Monday, November 30, 2009

Being Black In America ~ Or Not So

I admit I missed the flap on the Huffington Post about Sammy Sosa appearing at a fund raiser shades lighter than he was remembered as a baseball player. A skin softening regimen he told those who questioned him.

Leonard Pitts wasn't buying it. Pitts, a columnist for the Miami Herald, is one of my favorites. He tells it like it is. He also minces no words about what it's like being black in America. In a column that appeared mid-November he took Sosa to task for having changed his skin tone. In fact he excoriated him for attempting to flee his heritage.

Letters afterwards took Pitts to task, excusing Sosa much the same way Michael Jackson was excused for the same action. To date Sosa hasn't had his features altered. I'm sure Mr. Pitts is wondering if that's far behind and if so will no doubt have much more to say.

In today's column he answers one of those letters and references the video below. It is as revealing as anything I have seen as to how far we have not come regarding how blacks feel about themselves.

Here we sit smug with the fact we've elected our first black President. He has an attractive wife and children. Blacks are well represented throughout his administration. How many of them, especially the women, have not paid some homage to white style. Especially with their hair. Listen to the young girls in the video. Be aware of the age range. Prepare to have your heart broken.

It could be said we have failed them but I think not. I think their own have failed them. Their lack of being comfortable in their own skin, with who they are, is distressing. What a way to grow up. Wanting to be something you cannot. Is it any different than a chubby youngster wanting to be, say, a ballerina while knowing deep inside it would never be? No. I think not. It goes much deeper.

How, at such a young age, does this happen? It isn't generational problem. It is a people's problem. That lack of self esteem runs so deep a child feels it from the elders who surround her. Some outgrow it. Don't they? I don't know. Michael Jackson didn't. Sammy Sosa perhaps didn't. How many others, who haven't gone to quite such lengths, didn't?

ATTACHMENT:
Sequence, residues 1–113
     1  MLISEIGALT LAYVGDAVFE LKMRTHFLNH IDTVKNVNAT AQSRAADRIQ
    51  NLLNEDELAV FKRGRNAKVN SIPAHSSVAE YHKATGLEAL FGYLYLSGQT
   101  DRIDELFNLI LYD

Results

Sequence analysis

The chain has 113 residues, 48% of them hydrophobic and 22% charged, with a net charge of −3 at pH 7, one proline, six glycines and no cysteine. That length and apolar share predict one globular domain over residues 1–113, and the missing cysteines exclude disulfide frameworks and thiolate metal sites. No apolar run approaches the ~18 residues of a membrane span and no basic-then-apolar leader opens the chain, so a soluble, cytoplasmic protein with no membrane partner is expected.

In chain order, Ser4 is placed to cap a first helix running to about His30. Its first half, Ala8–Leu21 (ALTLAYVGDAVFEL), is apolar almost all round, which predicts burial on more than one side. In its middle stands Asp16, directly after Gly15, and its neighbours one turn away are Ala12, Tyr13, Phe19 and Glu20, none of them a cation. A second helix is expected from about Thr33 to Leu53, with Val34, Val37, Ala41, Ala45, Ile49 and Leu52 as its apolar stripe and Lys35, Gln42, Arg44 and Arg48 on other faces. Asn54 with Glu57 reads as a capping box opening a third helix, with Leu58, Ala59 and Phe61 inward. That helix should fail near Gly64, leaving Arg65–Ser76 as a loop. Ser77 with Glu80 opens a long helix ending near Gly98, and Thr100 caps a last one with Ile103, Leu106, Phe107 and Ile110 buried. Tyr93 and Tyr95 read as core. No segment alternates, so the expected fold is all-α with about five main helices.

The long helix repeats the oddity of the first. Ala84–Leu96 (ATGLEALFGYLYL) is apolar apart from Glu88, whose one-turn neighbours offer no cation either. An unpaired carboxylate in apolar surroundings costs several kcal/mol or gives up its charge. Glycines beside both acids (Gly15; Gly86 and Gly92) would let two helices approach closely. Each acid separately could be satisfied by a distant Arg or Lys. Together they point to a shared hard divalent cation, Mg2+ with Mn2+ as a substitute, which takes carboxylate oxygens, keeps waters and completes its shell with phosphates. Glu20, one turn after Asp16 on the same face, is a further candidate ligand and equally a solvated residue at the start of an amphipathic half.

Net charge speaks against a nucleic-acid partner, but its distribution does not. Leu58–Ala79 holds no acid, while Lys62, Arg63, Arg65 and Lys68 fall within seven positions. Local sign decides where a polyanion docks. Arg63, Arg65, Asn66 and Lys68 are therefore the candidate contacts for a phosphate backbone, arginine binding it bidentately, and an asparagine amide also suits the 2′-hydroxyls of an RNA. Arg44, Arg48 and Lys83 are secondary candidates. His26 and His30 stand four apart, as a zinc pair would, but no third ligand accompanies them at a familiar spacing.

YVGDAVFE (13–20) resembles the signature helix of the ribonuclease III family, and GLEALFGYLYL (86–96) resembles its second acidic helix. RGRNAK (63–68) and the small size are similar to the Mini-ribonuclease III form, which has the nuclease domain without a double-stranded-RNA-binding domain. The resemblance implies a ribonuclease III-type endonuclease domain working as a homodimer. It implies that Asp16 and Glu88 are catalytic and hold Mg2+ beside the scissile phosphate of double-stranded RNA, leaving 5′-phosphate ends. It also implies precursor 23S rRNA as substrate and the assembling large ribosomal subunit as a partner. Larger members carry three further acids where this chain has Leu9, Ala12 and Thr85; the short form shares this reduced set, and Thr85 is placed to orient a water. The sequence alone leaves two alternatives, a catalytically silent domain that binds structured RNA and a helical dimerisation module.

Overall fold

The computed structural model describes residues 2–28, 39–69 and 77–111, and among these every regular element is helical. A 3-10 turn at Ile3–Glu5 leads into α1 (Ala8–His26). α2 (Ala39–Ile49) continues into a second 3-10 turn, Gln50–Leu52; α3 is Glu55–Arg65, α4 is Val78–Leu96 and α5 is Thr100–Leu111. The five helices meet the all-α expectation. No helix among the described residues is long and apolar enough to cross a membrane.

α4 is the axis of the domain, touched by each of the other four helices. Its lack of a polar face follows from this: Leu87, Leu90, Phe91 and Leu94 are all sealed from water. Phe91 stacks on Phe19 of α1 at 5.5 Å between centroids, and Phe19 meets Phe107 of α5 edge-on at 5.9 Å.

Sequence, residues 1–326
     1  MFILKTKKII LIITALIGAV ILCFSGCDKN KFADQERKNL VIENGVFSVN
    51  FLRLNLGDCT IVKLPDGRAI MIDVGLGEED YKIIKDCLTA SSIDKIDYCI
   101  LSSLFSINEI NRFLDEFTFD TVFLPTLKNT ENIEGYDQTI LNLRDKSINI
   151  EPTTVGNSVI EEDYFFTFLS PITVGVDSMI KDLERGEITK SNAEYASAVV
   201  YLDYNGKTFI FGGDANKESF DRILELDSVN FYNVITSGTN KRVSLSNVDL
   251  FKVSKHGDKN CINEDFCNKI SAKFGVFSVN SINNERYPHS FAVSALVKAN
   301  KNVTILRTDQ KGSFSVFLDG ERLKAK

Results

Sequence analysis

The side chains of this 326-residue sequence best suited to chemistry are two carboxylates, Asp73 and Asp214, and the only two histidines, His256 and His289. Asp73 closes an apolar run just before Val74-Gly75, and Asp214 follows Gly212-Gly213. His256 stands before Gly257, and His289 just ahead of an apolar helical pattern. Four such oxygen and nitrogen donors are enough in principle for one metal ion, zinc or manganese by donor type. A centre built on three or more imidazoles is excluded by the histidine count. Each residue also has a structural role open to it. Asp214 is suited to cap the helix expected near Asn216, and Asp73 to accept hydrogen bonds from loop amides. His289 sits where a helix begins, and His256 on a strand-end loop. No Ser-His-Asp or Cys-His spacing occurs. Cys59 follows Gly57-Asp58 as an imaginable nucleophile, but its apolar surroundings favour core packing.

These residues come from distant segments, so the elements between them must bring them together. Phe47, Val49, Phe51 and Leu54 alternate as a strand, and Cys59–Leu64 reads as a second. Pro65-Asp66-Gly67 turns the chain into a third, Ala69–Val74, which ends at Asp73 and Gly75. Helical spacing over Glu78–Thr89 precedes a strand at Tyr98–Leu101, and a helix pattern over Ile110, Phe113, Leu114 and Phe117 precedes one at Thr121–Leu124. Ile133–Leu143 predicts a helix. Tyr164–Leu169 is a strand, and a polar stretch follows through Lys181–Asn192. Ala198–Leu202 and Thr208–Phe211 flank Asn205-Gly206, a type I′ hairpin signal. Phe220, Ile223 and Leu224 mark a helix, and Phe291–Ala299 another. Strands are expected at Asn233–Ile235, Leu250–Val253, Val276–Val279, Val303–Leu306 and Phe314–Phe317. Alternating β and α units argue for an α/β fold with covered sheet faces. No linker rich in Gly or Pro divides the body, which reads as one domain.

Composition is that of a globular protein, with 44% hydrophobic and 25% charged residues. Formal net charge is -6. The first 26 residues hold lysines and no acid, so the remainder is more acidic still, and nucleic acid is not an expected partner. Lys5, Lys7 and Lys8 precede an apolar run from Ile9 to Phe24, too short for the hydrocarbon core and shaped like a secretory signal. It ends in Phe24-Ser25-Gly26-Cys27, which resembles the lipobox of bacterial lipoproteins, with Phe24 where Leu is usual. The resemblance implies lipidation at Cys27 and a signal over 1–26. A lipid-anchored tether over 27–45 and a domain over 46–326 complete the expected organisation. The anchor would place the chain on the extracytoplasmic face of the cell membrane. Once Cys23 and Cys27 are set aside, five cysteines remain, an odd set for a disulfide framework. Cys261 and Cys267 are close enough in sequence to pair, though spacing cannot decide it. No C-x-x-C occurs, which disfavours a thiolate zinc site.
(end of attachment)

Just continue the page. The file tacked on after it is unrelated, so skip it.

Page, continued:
It gives race relations a new layer. New to me anyway. What will it take to teach children such as these that they can be anything to which they aspire, regardless of the color of their skin or the texture of their hair! Those shouldn't even be considered hurdles.

They have a very public role model now. The President of the United States. Perhaps that will help. One can certainly hope.


Margie's Musings said...

The video did not load at all Mari. But I certainly agree with your remarks.

Word Tosser said...

I saw on one of the day time shows about this woman who was in denial of being black and said some nasty thing about those women in the audience who were black... I thought at that time.. what a shame. It is in the same line of sadness I had when I learn 40 years ago that women of Japanese decent were straighten out their eyes to be Americanized. Why do we, make some of these people feel inferior? And yes you are right why weren't their parents teaching them to have pride in who they are? I'm sorry but Sammy looks grotesques in his lighter skin. He was a handsome man before... sad, very sad... It is like those who get a nose job, after it is done and said... they are still sad and inferior complex is still there.

Anonymous said...

I don't know why he(Sosa) has lightened his skin. I did ask my dermatologist about Michael Jackson. He had vitiligo (sp?) and stated that was the reason his skin became white. He may have been telling the truth. My doctor said that when the disease is very serious, one remedy is the skin whitening process. It is very painful and not to be undertaken on a whim.